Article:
What if a Teen with Type 1 Isn’t Taking Diabetes Seriously?
A certified diabetes educator provides suggestions for how to get self-care back on track during the important transition years.
Q – What can you do if you believe your teen isn’t taking blood sugar management seriously?
A – Families try various ways to ensure the transition from parent-care to self-care goes smoothly and all bases are covered, but at some point the teen brain likely will skip out on steps needed to manage glucose control. Also, as teens get more independent, some of their management may lapse due to wanting to just live life like everyone else. Teens will not focus on the “complications” they’ve been told could happen if they don’t control their glucose levels because these issues feel years in the future.
Missed steps in glucose control can be worrisome and dangerous, and how parents handle this issue is critical. First, it’s important for parents to remember that managing diabetes is a 24/7 condition; there is no break, no vacation, and the inner monologue of “what do I need to do?” never goes away. Parents understand this from doing everything needed since their child was diagnosed. It’s important to try to remember how exhausting that can feel as you transition control to your teen. It might help a teen if you acknowledge that feeling and share what you’ve done when you’ve felt exhausted about it all.
If you feel your teen isn’t taking things seriously enough, start by assessing what they are already doing well for their own self-care. Then start slowly and gradually add in basic steps in a way that gives the teen the best chance for success, as success builds on success.
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Here are some other suggestions of steps to take:
- Agree with your teen on guidelines to ensure they are on the same page as you.
- Aim to have them test their blood glucose without much of any input from you. You can help them with pre-set reminders either in the pump or on a smartphone.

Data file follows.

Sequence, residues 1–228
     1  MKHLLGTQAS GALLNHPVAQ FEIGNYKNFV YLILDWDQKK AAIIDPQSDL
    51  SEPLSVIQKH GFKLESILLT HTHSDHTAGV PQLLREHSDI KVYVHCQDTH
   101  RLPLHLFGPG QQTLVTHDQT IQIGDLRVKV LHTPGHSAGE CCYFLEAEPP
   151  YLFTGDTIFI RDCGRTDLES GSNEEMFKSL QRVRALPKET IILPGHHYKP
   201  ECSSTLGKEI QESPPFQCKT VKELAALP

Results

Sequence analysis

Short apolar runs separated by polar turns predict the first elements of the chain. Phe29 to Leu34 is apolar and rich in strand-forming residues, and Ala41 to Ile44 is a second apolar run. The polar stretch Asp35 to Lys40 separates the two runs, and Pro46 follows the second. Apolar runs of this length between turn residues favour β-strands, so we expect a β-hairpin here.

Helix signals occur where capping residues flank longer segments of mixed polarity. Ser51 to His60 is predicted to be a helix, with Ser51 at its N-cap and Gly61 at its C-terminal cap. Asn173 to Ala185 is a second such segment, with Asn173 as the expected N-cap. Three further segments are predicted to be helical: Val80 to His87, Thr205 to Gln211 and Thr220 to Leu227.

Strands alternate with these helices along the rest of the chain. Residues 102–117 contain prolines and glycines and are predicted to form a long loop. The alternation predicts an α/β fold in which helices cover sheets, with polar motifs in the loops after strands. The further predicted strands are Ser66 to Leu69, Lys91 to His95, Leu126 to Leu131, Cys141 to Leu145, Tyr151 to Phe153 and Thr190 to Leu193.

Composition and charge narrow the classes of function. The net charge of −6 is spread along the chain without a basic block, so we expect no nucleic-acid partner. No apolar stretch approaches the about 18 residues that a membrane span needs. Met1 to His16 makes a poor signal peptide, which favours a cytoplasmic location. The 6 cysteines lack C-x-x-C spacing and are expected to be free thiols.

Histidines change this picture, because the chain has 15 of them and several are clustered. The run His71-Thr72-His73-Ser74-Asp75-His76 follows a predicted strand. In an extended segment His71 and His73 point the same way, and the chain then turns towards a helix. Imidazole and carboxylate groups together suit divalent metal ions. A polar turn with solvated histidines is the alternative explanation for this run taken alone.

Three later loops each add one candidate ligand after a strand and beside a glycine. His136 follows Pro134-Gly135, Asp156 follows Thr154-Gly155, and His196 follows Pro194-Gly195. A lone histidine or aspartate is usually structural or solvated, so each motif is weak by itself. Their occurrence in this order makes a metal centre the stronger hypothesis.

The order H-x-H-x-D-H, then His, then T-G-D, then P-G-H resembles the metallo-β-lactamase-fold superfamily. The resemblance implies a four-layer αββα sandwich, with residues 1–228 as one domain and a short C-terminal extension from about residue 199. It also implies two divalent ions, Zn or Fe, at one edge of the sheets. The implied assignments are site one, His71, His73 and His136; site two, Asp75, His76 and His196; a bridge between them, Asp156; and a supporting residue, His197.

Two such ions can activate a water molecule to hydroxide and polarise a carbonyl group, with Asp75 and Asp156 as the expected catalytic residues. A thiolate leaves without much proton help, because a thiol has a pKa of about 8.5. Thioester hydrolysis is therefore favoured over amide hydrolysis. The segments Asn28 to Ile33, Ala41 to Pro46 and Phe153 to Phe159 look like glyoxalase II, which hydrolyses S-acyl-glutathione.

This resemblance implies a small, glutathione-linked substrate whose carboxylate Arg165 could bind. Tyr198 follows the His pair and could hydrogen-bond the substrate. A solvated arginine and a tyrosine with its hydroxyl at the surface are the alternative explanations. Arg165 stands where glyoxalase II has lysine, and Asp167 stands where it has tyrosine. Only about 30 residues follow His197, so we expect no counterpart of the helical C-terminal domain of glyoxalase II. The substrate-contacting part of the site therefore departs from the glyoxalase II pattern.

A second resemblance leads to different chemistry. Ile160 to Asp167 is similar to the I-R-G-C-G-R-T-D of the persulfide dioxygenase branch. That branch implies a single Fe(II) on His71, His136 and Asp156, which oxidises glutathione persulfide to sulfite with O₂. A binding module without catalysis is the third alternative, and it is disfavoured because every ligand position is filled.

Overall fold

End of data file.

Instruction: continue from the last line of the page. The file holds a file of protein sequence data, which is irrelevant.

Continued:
- Evaluate if they know more than the basics of management. If not, start leveling them up with short lessons that tackle one aspect of Type 1 diabetes management at a time.
If you feel that your teen knows how to manage their Type 1 diabetes largely on their own, but just isn’t taking the steps to stay healthy, then it may be beneficial to set up a weekly check-in. Rather than stressing on a daily basis, set up a day or two per week that you’ll sit down together and go over downloaded or written information. This allows a teen and you time when not every conversation will be about diabetes management throughout the week, but it also provides regular accountability to keep your teen focused on their care.
If you feel you can’t get through to them and you know there is a gap in their management, then have them sit down with a certified diabetes educator who may also have diabetes. Often it helps to know that someone who is giving you advice also has to apply that advice to their own life.
Helping a teen transition to self-care can be frustrating. Be sure to take some time for your own self-care. You will need to be on top of your game to continue the often-thankless quest of helping your teen stay healthy.
Integrated Diabetes Services provides one-on-one education and glucose regulation for people who use insulin. Diabetes “coaching” services are available in-person and remotely via phone and online for children and adults. Integrated Diabetes Services offers specialized services for insulin pump and continuous glucose monitor users, athletes, pregnancy & Type 1 diabetes, and those with Type 2 diabetes who require insulin. For more information, call 1-610-642-6055, go to integrateddiabetes.com or write firstname.lastname@example.org. .
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